Federal Disability Retirement: Developing a Case

In most cases, the normal process of disability retirement for the First Stage of the process is anywhere from 6 – 8 months; some fall towards the 6-month range; some take longer than the 8-month range.  The difficulty in most cases is that the potential disability applicant/annuitant obviously wants to get through the process as quickly as possible, most often in order to get a sense of security for the future, that he or she will have the certainty of the Federal Disability Retirement annuity.  All of this is understandable.

The process — of preparing; of submitting; of waiting as it winds through the various Agency channels and finally to Boyers, PA and then to OPM in D.C. — is a process of high anxiety and anticipation.  Sometimes, however, cases must be patiently developed.  By “developed”, I merely mean that, at times, the doctor is not ready to provide the proper medical narrative report, or to state in explicit terms that a person is no longer able to perform one or more of the essential elements of his or her job, and that the medical condition will last for at least one (1) year.  Patience with the doctor as different modalities of treatments are applied, is often crucial in the development of a case.  My involvement in a case, even before it is fully developed, is preferred, only if to guide the client as the medical case develops, or — as is often the case — on issues involving how to respond to an Agency which is just as anxious for the whole process to begin and end, as is the client.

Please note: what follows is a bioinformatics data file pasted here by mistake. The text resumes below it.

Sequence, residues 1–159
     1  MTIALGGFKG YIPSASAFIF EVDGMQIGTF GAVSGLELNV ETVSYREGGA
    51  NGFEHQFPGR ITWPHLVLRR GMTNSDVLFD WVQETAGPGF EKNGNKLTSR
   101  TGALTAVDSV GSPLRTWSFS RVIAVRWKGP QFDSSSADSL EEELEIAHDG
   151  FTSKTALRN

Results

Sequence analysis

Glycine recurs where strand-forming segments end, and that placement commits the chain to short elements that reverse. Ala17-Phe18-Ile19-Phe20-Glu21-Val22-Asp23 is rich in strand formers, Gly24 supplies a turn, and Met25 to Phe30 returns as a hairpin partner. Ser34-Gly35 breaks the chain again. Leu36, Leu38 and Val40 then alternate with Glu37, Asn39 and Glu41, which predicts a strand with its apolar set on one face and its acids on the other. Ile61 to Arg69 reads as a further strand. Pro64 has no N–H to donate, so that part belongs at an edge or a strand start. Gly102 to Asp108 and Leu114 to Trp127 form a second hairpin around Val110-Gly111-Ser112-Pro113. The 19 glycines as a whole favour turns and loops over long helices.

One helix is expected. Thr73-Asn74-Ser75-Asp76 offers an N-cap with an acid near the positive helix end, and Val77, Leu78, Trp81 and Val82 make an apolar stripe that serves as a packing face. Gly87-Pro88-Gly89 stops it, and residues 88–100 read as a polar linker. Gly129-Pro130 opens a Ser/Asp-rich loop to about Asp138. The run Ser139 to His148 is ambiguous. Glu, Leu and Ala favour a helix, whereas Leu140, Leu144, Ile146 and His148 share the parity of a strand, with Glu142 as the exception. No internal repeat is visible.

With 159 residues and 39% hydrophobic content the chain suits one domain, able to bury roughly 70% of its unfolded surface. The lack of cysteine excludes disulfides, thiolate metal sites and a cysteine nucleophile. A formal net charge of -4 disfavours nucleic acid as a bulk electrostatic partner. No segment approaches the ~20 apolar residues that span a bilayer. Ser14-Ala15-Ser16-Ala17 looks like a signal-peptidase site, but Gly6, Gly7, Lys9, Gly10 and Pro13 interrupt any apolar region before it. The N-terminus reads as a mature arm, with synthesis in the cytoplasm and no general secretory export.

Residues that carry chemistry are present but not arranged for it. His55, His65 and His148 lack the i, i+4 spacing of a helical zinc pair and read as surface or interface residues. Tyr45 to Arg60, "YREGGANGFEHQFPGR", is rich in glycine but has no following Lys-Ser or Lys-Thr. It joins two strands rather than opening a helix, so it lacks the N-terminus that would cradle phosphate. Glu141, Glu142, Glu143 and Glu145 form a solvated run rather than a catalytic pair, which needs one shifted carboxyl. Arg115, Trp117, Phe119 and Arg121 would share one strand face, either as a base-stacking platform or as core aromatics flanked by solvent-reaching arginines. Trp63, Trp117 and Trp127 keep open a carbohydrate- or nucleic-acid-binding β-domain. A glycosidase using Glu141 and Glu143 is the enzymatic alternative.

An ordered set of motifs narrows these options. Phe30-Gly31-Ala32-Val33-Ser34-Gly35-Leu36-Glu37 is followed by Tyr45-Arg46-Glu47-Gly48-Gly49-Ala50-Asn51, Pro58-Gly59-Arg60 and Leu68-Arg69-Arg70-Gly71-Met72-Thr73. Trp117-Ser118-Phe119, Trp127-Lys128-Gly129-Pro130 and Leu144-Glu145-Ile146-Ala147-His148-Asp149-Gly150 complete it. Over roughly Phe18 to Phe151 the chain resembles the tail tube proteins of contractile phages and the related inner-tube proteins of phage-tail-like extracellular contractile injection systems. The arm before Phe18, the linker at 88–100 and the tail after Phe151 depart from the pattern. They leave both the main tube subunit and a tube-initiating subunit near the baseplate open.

Sincerely,

Robert R. McGill, Esquire

 

December 3rd, 2009

OPM Disability Retirement: The Long View

What I find when individuals have attempted to file on their own, and get it rejected, is the lack of preparing for the “long view.” Many people hear stories about how “such and such” obtained a disability retirement approval for “far less than the medical conditions I have.”

Fair enough. Those stories may be true (I never engage in a discussion about the validity or truth of such stories; they are what they are — stories); nevertheless, there are multiple factors which are considered at each stage of the process of filing for disability retirement: Who the OPM Specialist is that will be reviewing an application; the subjective application of which criteria are applied in a given case; the personal and professional differences that arise between different bureaucrats at the Office of Personnel Management (no, don’t believe in the story that there is an “objective” methodology of applying the law when reviewing each disability retirement application); and multiple other factors, including whether or not your particular disability retirement packet was reviewed by someone at the Office of Personnel Management when he or she had a “bad day”.